By MARK VEVERKA
Hewlett-Packard's agreement last week
to acquire Vertica, a business-software outfit, raises questions about
possible conflicts of interest and how HP's Balkanized board addressed
potential inside dealing.
HP's nonexecutive chairman, Ray Lane,
is a minor venture investor in Vertica, a closely held Billerica,
Mass., firm whose products let businesses analyze large amounts of
data. Lane, the former No. 2 at Oracle, is a partner at Silicon Valley
venture powerhouse Kleiner Perkins Caufield & Byers, which has about a
5% stake in Vertica.
In a telephone interview Friday, Lane
told Barron's that KPCB was a "passive" investor in Vertica,
and that neither he nor any other partners were actively involved with
that company or its operations. "We made the investment and never
looked back. I've never even met the CEO," Lane said. "By my
calculations, this is a very small return" for KPCB, Lane added.
Neither he nor an HP spokeswoman would disclose a purchase price. Lane
told the Dow Jones VentureWire that Vertica sold for about $320
Lane, named chairman in November,
said he first learned that
Hewlett-Packard (ticker: HPQ) had a potential interest in
Vertica when he attended his first joint meeting of HP's technology
and finance committees. He then saw Vertica's name on a long list of
potential acquisition targets. Lane said he disclosed that KPCB was an
investor in the software firm: "I said at the time [that] I shouldn't
have anything to do with this. I was never involved in the deal."
The full HP board didn't vote to
approve the Vertica purchase because it wasn't large enough to merit a
full vote, Lane said. He asserts that he didn't need to recuse himself
because he didn't sit on the committee that approved the deal. The
transaction was approved by an unspecified board committee. An HP
spokesman wouldn't disclose which committee was involved, adding that
under Lane and new CEO Leo Apotheker, the company would attempt to
keep board business from being reported in the press. This comes after
a series of scandals involving director leaks, spying on reporters and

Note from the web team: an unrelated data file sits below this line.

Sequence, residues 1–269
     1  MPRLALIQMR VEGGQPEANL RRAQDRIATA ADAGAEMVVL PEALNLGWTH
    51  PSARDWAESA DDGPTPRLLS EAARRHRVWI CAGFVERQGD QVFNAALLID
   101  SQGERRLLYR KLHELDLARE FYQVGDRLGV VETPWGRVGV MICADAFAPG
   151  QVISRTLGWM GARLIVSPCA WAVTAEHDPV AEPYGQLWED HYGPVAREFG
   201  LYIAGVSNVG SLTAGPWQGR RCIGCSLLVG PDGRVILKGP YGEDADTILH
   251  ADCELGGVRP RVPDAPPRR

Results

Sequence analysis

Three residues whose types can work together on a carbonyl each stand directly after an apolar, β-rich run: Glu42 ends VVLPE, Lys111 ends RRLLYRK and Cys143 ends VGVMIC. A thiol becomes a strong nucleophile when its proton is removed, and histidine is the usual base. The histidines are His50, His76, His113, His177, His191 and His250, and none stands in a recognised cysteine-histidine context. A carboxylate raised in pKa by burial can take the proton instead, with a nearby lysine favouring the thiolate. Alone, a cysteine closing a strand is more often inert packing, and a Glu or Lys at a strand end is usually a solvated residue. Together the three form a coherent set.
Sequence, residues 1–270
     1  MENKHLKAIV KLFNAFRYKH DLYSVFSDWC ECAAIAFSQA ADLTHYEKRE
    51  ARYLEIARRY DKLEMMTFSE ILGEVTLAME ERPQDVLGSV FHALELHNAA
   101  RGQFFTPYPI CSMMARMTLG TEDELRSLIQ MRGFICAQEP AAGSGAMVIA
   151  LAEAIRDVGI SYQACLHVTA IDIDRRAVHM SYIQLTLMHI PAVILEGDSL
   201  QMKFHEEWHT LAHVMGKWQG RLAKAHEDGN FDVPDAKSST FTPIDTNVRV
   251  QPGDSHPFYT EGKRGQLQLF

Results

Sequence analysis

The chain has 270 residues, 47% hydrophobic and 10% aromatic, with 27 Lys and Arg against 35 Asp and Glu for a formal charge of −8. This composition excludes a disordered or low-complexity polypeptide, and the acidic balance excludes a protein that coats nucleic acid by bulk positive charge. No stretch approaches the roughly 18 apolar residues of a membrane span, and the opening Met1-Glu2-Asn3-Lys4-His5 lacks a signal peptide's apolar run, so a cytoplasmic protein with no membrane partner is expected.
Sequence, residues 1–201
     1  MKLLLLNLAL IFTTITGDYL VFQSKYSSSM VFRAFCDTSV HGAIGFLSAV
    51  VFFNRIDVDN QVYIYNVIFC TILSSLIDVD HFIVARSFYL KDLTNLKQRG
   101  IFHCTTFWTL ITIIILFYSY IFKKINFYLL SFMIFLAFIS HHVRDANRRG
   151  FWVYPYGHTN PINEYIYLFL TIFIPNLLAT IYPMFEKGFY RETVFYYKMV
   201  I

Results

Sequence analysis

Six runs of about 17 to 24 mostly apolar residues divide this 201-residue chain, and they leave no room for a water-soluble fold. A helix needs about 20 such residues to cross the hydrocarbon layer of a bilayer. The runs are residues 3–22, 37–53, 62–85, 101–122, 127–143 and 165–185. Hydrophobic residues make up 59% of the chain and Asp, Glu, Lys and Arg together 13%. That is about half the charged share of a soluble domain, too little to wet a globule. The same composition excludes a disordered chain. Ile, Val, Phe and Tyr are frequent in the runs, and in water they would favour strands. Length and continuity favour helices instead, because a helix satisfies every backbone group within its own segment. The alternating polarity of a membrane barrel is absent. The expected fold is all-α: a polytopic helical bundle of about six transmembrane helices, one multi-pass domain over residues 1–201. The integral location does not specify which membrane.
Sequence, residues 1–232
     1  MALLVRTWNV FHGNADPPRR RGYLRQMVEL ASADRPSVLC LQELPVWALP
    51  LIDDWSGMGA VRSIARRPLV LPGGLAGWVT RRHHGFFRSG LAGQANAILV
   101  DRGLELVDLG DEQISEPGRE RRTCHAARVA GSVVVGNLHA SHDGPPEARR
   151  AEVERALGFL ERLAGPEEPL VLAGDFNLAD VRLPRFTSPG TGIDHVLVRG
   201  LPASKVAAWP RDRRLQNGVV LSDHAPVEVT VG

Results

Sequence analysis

CEO Mark Hurd's forced resignation.
The company wouldn't elaborate on
what role the board's governance committee, led by lame-duck director
Lucille Salhany, played, if any. But an HP spokeswoman said: "Ray Lane
wasn't involved in any formal decision taken by the company in this
transaction." HP denied Barron's request to obtain a copy of
the board's minutes.
Transactions involving potential
conflicts aren't uncommon in the corporate world. For example,
News Corp. (NWSA), the parent of Barron's, is
considering purchasing Shine Group, a London-based TV-programming
outfit owned by News Corp. CEO Rupert Murdoch's daughter, Elisabeth.
However, to pass corporate-governance
muster, such deals must be handled openly. HP, in announcing the deal,
mentioned nothing about KPCB or Lane's relationship to that firm.
Asked about that, the spokeswoman declined to comment.
Says investment banker Gary Lutin,
head of the Shareholder Forum, a corporate-governance advocacy group.
"Anyone considering an investment or voting decision really needed to
know how the HP board satisfied its duties to keep secret information
from a chairman with conflicting interests, and how they prevented his
influencing their independent judgment. This would be a challenge for
any company, but it's an especially great concern for one with HP's
history of board leaks and purges."